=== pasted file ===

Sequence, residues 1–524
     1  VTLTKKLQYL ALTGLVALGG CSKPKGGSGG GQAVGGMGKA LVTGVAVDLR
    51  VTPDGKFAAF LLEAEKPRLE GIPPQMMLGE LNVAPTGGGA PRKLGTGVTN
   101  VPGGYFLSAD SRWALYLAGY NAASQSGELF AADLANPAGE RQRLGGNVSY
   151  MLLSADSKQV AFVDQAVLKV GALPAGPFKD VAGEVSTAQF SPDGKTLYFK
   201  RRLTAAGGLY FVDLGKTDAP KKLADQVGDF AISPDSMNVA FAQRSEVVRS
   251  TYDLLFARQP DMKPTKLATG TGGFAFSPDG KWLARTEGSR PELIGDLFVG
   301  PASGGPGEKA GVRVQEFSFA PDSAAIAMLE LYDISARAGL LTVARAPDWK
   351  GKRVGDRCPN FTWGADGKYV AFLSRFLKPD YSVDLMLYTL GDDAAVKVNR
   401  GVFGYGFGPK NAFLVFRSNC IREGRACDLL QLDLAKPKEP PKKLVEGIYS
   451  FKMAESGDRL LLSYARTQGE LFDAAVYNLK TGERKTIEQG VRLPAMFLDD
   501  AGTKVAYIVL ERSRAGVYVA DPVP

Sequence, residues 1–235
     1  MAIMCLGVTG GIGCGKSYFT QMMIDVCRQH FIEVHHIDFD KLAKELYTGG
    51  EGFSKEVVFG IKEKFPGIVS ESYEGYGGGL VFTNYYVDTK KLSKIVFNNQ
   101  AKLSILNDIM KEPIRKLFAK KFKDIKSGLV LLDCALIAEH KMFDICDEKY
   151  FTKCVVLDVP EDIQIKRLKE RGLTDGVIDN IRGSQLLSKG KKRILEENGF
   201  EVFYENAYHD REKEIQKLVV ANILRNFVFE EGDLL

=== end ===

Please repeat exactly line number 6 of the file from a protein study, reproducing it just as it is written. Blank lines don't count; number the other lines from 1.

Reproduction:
   201  RRLTAAGGLY FVDLGKTDAP KKLADQVGDF AISPDSMNVA FAQRSEVVRS